3 ways retailers can enhance the in-store experience in the digital age

3 ways retailers can enhance the in-store experience in the digital age

The way in which people shop has changed. Customers research more, are more likely to shop around, and typically engage with brands via multiple devices, as well as in-store. Customers today are also impatient and empowered, and expect personalised service, detailed information and rapid delivery, regardless of where they happen to be shopping. For retailers, the evolution of customers’ needs and expectations represents both a threat and an opportunity. Retailers who don’t adapt risk being left behind; whereas those that provide a seamless omni-channel experience – both in-store and online – will thrive.

According to a recent Microsoft whitepaper, the challenging environment for Australian retailers has been reflected in the loss of more than 3,000 jobs in 2017 and the collapse of several local clothing brands. Meanwhile, in the US, major retailers such as Macy’s and Sears Holdings (owner of Kmart) are closing hundreds of stores. By contrast, Amazon had its best Christmas holiday season ever in 2016–17, with that period accounting for 38 per cent of its annual online retail sales.

However, thanks to the accessibility of customer data, retailers have more tools at their disposal – and more ways to engage customers effectively than ever before. And importantly, data and technology doesn’t just have to come into play in the online space. In fact, following are three key ways in which retailers can use digital technology to drive sales and secure customer loyalty by enhancing the in-store experience.

  1. Educate and empower in-store employees

Today’s customer is often thoroughly informed – having done their research or before stepping into store. More and more, sales staff are becoming crucial – with the level of information and service that they are able to offer converting customers on the spot.

To respond to customer demands, sales assistants need technology at their fingertips so they can be liberated from behind the cash register. According to Microsoft, sales assistants need to be empowered with data, and elevated into “custodians of valuable client relationships and key players in the business.”

“Armed with tablets and other devices, ‘deskless’ employees can access a deeper level of inventory knowledge and be ready with tailored product recommendations based on intelligence about every customer. Using simplified point-of-sale graphical user interfaces, they can gain real-time visibility into how customers are responding to merchandise layouts on a given day and the effectiveness of in-store promotions,” the Microsoft whitepaper says.

New Zealand retailer, Citta Design, uses technology to improve the level of in-store interaction between staff and customers. Sales associates now use tablets to access product information, which includes technical and web copy as well as customer information on previous purchases and more.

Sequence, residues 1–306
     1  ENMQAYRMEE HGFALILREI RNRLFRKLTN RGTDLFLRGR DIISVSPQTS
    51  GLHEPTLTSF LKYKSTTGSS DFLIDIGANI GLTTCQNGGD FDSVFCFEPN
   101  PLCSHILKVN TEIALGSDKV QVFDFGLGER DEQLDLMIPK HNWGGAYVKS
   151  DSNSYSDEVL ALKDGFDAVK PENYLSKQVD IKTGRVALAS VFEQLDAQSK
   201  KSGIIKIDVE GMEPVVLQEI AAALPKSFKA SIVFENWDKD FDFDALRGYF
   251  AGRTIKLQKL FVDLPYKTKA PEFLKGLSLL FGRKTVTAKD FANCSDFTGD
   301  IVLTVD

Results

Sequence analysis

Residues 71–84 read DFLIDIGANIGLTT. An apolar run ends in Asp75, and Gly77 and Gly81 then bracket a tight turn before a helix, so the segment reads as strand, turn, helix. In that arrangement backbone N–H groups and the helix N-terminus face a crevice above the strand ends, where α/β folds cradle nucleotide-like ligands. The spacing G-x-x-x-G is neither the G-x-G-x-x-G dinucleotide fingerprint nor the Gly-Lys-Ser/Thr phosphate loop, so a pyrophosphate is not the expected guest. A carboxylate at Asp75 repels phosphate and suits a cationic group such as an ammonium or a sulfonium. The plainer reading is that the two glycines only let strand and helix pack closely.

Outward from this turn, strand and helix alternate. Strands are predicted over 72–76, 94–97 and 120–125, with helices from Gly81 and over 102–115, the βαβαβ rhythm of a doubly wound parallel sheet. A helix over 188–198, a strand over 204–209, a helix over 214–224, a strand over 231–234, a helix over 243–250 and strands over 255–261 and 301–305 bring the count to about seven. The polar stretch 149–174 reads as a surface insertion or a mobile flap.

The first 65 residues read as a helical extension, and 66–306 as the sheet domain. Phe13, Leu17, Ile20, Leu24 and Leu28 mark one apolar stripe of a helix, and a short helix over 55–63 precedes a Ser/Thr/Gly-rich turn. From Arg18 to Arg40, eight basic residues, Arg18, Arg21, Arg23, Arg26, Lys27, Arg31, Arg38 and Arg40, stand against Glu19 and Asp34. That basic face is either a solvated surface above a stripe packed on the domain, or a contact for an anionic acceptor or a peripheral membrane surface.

“[Sales associates] can actually be sitting on the floor and talking to somebody about the quality of cotton sheets versus polyester sheets, the different characteristics that our products have, and use that as a tool to up sell, or just find the products that they actually want,” says Grant Taylor, Citta Design’s Chief Operating Officer.

  1. Respond to the needs of “showroomers” and “webroomers”

 Increasingly, retail stores are being treated as “showrooms”, where customers will visit a store to research a product, try it on, and see it in person, before then purchasing it online – sometimes from a different and cheaper supplier.

Polls in the U.S. suggest that, in the 18-36 age group, 50% of customers admit to showrooming. Conversely, “webrooming” is where a customer will browse and research a product online, then go in-store to purchase it. Interestingly, in the same age group, 69% of customers say they “webroom”.

To improve the in-store experience, and increase the likelihood of conversion, retailers can tap into these trends, offering incentives for in-store purchases and emphasising the benefits of an in-store sale – i.e. the customer doesn’t have to wait for a product to be delivered; he or she can take it home right away; and there are no delivery fees.

At the same time, retailers can also potentially offer customers incentives for following up a purchase with their own online store, rather than risking that the customer will make the purchase via a competitor as soon as they leave the store.

  1. Use data to enhance the in-store experience

Today, retailers have an enormous of amount of data at their disposal, and brands need to start leveraging this data to provide exciting, personalised and highly relevant in-store customer offers and experiences.

By leveraging data about a customer’s purchasing habits and online interactions, for instance, a retail brand can offer specific live offers and promotions – which the customer only receives as soon as they walk into, or past, a particular physical store. Say, for instance, a customer has been researching a canoe online from an outdoor adventure store. When this customer is in the proximity of this store, they could receive a pop-up on their mobile – or even an email – advising that this canoe is currently in-stock and can be secured for a discount of 10% if it’s purchased within the next 2 hours.

According to Microsoft, “while many people are becoming wary of overly obtrusive marketing, few are likely to resist an offer that is timely and relevant”.

Find out more

Ready to take your next step to transforming your business? Read about our retail solutions here

No Comments

Post A Comment